Sokaogon Chippewa Community News
Rep. Sharice Davids Hopes to Inspire Youth with New Children’s Book
By Jenna Kunze, NativeNewsOnline.net
When Rep. Sharice Davids (D-Kansas) joined Native News Online for a video call this week from her home office in Roeland Park, Kansas, she was backdropped by a bookshelf containing important memorabilia: a photograph of herself as a child in her mother’s arms; side-by-side flags for two of her alma maters, Kansas University and Haskell Indian Nations University; her law school degree certificate earned from Cornell Law School; and her first book, which was released June 1, “Sharice’s Big Voice.”
The children’s book, co-authored by Davids and Kansas-based writer Nancy Mays, tells the story of Davids’ journey from a “loud” Native kid growing up in Kansas frequently reprimanded for speaking out of turn, to her rise to Congress. In 2018, the former mixed-martial artist made history when she became one of the first two Native American women elected to Congress, and the first openly LGBTQ2S+ person to represent Kansas in Washington.
Davids, 41, said she was inspired to write the book to show children that there are many different paths you can take to reach your goals, or finding your voice. Additionally, she said, only one percent of children’s books contain Native representation.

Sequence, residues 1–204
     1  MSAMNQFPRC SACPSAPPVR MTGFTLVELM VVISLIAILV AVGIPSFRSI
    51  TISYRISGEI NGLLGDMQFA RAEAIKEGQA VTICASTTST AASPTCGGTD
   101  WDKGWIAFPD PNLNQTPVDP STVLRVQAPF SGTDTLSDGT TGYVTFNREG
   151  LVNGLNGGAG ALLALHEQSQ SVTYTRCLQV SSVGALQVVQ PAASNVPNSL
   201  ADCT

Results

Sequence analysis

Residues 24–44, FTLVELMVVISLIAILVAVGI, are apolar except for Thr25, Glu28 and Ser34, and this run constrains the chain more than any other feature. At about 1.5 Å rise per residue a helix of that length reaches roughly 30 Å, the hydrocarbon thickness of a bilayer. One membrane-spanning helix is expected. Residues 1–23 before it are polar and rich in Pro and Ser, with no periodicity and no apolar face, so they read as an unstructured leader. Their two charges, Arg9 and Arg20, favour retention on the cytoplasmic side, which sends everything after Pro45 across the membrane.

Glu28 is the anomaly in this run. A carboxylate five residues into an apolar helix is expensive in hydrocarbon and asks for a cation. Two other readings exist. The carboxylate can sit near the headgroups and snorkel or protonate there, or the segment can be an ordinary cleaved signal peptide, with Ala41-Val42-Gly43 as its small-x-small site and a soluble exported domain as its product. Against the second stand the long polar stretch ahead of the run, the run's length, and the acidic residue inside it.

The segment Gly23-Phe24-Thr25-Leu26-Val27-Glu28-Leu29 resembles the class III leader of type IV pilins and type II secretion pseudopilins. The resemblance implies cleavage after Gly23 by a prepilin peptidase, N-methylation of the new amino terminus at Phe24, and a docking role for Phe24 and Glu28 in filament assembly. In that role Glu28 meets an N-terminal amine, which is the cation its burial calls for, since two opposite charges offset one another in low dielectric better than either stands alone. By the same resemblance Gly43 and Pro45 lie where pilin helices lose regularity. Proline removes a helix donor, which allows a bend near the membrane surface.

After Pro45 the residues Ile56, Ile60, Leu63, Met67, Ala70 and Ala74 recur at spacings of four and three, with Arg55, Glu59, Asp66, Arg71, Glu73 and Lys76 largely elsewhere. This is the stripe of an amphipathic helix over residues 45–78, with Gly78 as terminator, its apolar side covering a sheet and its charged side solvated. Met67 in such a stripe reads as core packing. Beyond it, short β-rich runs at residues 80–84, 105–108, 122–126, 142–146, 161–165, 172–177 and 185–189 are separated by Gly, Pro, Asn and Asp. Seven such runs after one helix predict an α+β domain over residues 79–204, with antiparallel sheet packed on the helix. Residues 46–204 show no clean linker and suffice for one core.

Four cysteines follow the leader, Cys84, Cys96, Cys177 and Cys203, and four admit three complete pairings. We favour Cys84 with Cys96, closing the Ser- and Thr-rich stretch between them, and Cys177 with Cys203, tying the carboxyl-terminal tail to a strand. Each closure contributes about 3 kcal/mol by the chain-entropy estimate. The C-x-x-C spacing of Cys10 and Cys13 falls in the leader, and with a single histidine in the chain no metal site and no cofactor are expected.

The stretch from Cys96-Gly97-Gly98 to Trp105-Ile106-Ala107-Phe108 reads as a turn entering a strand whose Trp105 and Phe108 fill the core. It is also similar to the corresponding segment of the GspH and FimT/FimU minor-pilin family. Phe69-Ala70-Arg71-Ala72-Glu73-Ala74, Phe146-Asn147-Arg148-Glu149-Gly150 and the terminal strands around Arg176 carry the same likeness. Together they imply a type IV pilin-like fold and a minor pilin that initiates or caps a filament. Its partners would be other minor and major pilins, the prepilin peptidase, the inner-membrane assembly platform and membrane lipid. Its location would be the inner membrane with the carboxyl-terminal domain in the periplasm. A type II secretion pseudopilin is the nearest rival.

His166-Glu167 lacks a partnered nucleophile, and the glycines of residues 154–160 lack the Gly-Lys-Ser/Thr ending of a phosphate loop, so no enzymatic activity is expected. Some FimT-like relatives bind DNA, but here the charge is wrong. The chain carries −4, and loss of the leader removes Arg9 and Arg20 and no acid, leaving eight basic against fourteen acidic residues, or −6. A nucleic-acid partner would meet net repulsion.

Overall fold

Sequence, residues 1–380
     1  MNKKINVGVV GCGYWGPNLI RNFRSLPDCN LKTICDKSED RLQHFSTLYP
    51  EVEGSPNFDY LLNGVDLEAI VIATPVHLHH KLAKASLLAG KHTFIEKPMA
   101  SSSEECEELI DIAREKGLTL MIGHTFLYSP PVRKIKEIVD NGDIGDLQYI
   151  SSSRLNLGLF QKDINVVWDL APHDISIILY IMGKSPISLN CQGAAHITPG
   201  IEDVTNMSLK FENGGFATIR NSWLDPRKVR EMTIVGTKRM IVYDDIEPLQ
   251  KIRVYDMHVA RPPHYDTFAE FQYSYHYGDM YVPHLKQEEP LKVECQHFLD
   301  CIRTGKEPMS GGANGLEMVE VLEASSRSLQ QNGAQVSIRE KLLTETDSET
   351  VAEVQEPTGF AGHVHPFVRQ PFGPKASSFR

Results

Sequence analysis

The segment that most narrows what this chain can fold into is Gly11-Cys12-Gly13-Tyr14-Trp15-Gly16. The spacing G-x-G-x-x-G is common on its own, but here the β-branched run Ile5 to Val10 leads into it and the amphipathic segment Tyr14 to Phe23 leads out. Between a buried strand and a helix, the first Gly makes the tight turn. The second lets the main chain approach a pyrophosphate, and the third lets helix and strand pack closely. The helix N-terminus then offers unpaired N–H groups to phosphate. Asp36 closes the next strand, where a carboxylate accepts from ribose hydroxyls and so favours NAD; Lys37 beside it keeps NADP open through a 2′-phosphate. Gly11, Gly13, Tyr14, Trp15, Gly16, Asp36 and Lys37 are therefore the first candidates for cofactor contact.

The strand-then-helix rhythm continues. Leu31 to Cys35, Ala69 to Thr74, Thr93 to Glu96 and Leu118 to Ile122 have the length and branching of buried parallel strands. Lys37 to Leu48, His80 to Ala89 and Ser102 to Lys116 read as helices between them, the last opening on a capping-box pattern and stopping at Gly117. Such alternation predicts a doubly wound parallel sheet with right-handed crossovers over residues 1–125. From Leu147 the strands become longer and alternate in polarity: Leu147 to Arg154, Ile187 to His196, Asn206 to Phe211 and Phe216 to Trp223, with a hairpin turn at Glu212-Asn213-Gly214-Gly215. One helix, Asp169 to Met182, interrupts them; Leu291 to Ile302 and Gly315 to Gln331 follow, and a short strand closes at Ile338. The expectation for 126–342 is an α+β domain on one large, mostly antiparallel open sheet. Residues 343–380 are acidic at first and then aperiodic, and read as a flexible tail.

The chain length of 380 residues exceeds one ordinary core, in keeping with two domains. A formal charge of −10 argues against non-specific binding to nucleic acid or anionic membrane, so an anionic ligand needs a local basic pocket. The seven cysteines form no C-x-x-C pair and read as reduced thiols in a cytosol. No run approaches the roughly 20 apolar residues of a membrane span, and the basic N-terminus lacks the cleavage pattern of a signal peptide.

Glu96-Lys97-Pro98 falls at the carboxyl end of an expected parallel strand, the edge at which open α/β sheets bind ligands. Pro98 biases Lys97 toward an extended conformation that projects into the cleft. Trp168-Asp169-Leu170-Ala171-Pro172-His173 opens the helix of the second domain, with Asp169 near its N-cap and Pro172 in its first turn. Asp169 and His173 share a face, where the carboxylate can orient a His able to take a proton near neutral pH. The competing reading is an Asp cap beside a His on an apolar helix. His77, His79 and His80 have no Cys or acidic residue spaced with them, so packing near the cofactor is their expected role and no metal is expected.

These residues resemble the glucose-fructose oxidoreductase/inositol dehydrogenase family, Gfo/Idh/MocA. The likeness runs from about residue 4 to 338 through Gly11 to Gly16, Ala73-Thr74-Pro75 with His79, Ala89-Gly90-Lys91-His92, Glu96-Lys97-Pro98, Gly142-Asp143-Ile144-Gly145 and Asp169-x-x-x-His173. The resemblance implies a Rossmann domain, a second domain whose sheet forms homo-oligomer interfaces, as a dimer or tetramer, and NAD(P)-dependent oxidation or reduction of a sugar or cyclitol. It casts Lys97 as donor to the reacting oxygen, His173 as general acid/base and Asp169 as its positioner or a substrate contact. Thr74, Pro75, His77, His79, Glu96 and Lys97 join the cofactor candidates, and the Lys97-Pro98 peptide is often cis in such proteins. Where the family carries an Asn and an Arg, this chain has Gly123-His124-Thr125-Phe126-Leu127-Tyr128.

“When I was a kid and I looked at adults, it always seemed like adults… they’ve got it all figured out,” Davids said. “You see successful people and you think, that person had it all figured out the whole time, like they never got bad grades, they never got in trouble in school. And I think we all know that’s not true.”
As a kid, Davids said she struggled with identity, and often got in trouble in school for talking too much.
It wasn’t until later – after pursuing her law degree, working in economic and community development on Native American reservations, earning a White House Fellowship under President Barack Obama, and eventually becoming a member of Congress – that the congresswoman said she learned to see the positives in her loud voice.
“Something that might have been considered a flaw by some people, has actually turned out to be a pretty big strength that I have,” she said.
As a young legislator, Davids used her voice to advocate for Missing and Murdered Indigenous Women and People, land-into-trust issues, climate change concerns, and infrastructure needs throughout Indian Country.
“Just being able to share some of the stories… that… Native communities have shared with me, has made a pretty big difference,” she said. “Especially in a body like Congress, if I can change like five members of Congress’ minds about something that could be the difference between passing or not passing a bill.”